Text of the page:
To read the previous part, go to Infant Formulas .

Updated article on April 2022.

There are three main categories of formulas:

  •   Cow milk protein-based formulas for everyday use for a healthy baby born at term;
  •   Soy-based milk used more in cases of galactosemia, lactose intolerance or vegan diets;
  •   Specialised formulas for premature or intolerant babies or babies with severe allergies. These formulas do not contain lactose.

Recently, “Certified Organic” formulas have entered the market. But for the moment nothing has proven that they have better nutritional value than other products. The final choice is up to parents. Organic or not, you always have to follow the manufacturer’s recommendations to minimize contamination, pesticides and undesirable substances. 

Bovine Protein-based Milk (Cow Milk)

Many companies offer these kinds of formulas, which are all produced similarly. Some are partially hydrolysed, which means that the protein was broken down into particles,(usually 10 times smaller on average) facilitating digestion. Even if companies state that they have added miracle products to the formula, the quality of formulas on the market seems comparable, without being equivalent. However, you should not shift from one formula to another with a very young baby given the immaturity of their system, which has not yet adapted to their milk. 

Before suggesting specific milk for your baby, a health professional first needs to know a bit about their history since birth. Were they born at term? Do they have reflux? Do they have difficulty digesting even breast milk? Did they have colic earlier in their life? Were they constipated or did they have an anal fissure? Is there a family history of intolerance? Everything needs to be looked at before making a suggestion. If your baby was born at term, showed no reactions to breast milk and they are growing as expected, a cowmilk based formula will be suggested, and after 2-3 weeks of use, they will check to see if they react to it and will then make changes only as needed. 

Soy-based Milk

Soybeans are a vegetable, so don’t have animal milk sugar (lactose) which, for some babies, causes discomfort. But soy-based milk should NEVER be given to babies unless recommended by a doctor. In fact, since you can also develop intolerance to soymilk, and there are also associated risks of nutritional deficiencies, you should get advice from an expert.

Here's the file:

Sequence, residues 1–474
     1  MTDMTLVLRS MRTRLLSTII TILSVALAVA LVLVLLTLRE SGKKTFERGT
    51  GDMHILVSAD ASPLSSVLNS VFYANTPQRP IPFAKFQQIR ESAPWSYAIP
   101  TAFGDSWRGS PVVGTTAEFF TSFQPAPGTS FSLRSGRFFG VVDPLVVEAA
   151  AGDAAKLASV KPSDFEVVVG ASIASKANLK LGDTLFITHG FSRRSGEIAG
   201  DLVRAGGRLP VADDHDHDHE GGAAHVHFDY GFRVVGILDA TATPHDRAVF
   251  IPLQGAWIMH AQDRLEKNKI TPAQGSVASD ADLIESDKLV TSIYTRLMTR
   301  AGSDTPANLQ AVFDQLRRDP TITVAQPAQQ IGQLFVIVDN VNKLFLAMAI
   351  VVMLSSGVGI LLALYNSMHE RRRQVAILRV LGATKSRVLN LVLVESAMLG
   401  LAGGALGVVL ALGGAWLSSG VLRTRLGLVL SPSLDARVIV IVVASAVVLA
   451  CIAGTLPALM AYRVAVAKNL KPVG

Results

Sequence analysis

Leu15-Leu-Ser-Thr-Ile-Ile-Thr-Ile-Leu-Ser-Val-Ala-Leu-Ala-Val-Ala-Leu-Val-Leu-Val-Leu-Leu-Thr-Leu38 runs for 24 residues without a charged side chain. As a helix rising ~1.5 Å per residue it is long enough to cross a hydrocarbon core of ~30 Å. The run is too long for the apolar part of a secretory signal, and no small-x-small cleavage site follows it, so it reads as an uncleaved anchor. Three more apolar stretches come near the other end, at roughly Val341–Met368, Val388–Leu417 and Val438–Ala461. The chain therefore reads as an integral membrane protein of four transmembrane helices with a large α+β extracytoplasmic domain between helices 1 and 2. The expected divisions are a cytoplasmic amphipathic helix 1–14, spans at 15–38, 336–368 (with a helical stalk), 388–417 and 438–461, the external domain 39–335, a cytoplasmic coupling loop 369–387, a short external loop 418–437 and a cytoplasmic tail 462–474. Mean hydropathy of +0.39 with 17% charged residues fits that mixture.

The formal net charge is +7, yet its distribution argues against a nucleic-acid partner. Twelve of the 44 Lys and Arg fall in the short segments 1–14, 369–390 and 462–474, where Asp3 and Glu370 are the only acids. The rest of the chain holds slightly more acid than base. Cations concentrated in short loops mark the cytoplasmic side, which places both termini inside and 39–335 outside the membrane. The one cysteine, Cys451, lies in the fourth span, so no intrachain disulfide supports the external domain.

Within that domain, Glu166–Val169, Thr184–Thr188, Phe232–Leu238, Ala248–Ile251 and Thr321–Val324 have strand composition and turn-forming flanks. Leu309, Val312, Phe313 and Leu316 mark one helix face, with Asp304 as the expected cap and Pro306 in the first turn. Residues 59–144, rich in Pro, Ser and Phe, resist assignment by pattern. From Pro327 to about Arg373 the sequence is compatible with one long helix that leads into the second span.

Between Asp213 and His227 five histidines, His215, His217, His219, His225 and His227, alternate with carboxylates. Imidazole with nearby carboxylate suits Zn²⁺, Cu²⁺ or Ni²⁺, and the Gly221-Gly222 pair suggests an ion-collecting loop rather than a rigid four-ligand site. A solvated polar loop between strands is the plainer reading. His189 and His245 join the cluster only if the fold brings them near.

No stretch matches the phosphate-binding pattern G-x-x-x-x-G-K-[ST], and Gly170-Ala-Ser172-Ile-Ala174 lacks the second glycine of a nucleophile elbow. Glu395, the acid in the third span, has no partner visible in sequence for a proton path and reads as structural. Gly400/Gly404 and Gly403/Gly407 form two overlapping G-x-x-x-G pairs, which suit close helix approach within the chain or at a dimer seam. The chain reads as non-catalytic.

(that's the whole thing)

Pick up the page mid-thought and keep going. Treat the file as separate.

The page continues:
Therapeutic Milk

Therapeutic milk is much easier to digest if the baby’s system is immature or fragile. The bovine proteins can then be highly deconstructed, i.e., up to 50-60% of free amino acids (ex: Alimentum and Nutramigen) and there is also a recipe who exhibits complete decomposition at 100% acid free aminos (ex: Puramino and Neocate), which really helps the absorption in the baby’s intestine. If needed, the doctor can prescribe this kind of milk, for example, if your baby has clear signs of intolerance or severe allergies to regular formulas. This milk is costly, but in Quebec, you will be reimbursed for the full cost if the doctor filled out the form when prescribing it for a baby requiring only.

The above information is a good overview of the different formula categories, but there are dozens and dozens of different kinds of milk in each category. When in doubt, ask for help from a specialist. Perinatal health professionals can advise you about the best choice for your child. 

Transitional or second stage formulas refer to those products that are adapted for children over 6 months of age. When a child is eating well from a variety of food groups at 6 or 7 months of age, a parent can decide to give them second stage milk up to 9-12 months, which contains more calcium and iron to complement the solid foods the baby eats. He can also continue the first stage formula he is taking without any problem if he eats everything very well. At 9 months of age, a baby can drink 3.25% milk if they eat well and are growing and developing well. If your baby has had intolerances/ allergies younger or more important reflux or very important colic, it is better at this time to continue the formula until 1 year old,  before introducing 3.25% milk to give him every chance to mature even more his digestive system.

Pasteurized goat’s milk can also be presented to a baby from 9-12 months if he is healthy and he presents nothing special in terms of its development, but at the end, it does not offer more benefits to the baby than the 3.25%. 2% milk will not be recommended before the age of 2 years old, as well as soy, almond or rice drinks.

To learn more about formulas, read Types of Formulas.